What to do if your dog ate a quesadilla?
If your pooch ate a quesadilla, don’t worry! Even while quesadillas do not include any poisonous ingredients, they might still make a dog’s stomach upset. The best thing you can do is keep a watchful eye on your dog over the following 12 to 20 hours and search for any symptoms he could be in trouble with.
If your canine appears to be in good health, you might try giving him some unseasoned chicken broth along with pumpkin puree to ease any stomach upset he may be experiencing.
Get in touch with your veterinary doctor as soon as possible if you see that your dog is suffering from stress, vomiting, or diarrhea. It is advised to be on the side of caution while feeding a dog quesadilla components like peppers and onions because they have the potential to irritate the dog’s stomach.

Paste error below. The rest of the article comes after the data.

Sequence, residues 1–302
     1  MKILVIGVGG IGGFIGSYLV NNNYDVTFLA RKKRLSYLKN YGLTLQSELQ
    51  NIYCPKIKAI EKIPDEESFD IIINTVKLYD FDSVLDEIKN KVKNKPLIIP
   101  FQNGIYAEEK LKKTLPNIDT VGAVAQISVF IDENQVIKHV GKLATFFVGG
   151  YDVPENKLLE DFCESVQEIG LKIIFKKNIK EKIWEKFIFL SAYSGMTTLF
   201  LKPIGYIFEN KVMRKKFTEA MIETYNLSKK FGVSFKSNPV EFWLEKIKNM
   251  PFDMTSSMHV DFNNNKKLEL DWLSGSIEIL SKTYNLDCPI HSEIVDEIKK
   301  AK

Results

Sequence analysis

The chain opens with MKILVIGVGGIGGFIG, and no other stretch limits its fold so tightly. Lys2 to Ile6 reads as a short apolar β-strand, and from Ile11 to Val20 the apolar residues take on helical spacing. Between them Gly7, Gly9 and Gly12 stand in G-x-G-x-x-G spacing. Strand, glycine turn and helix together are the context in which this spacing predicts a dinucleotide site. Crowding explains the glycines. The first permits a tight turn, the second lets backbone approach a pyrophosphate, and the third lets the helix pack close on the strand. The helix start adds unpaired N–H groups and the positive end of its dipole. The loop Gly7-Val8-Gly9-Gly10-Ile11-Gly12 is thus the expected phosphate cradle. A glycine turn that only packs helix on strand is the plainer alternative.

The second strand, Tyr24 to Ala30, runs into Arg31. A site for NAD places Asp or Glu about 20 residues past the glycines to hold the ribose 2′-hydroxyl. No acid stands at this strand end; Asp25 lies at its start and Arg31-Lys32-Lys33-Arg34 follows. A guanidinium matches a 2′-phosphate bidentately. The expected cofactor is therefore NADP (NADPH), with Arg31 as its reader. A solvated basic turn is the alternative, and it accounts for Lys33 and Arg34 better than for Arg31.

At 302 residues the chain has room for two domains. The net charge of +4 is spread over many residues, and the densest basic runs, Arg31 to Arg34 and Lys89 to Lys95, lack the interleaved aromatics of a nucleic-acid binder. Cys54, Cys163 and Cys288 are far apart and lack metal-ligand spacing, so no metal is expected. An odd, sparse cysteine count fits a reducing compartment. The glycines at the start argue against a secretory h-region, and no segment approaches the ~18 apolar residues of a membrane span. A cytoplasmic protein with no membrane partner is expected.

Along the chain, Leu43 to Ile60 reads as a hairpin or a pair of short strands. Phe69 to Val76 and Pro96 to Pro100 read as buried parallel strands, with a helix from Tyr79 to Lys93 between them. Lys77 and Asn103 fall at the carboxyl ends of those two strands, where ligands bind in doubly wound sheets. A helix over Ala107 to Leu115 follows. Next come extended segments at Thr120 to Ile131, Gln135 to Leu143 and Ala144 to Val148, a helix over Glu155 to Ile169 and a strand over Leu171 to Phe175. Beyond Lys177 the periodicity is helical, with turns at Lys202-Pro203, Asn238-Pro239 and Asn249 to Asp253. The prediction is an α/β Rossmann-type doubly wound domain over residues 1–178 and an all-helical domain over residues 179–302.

Your pet veterinary doctor can assess whether or not your dog needs additional care, such as medicine or IV fluids.
It takes a lot of time, work, and patience to train a dog to know what it is allowed to eat and what it is not allowed to eat. If your dog is accustomed to eating poor-quality food, this may be more difficult for you. If you want your pooch to stop eating quesadillas, you have to stop sharing your food with him and stop giving him bites of everything you eat.
This article was written by Thomas P. Doyne (DVM)(MS) in Animal Breeding and Genetics. He is a professional licensed veterinarian in the United Kingdom and Taiwan and a veterinary content writer working in the industry since 2012.